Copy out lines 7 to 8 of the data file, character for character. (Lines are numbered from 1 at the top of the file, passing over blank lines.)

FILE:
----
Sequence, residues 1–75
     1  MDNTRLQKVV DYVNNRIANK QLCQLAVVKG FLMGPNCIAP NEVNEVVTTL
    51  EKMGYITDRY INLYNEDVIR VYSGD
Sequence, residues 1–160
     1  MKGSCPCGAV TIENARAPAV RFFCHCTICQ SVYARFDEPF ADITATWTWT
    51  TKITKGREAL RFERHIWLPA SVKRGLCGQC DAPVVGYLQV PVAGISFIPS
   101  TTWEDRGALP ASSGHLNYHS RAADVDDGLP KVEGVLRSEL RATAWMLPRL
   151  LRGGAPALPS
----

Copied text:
   101  TTWEDRGALP ASSGHLNYHS RAADVDDGLP KVEGVLRSEL RATAWMLPRL
   151  LRGGAPALPS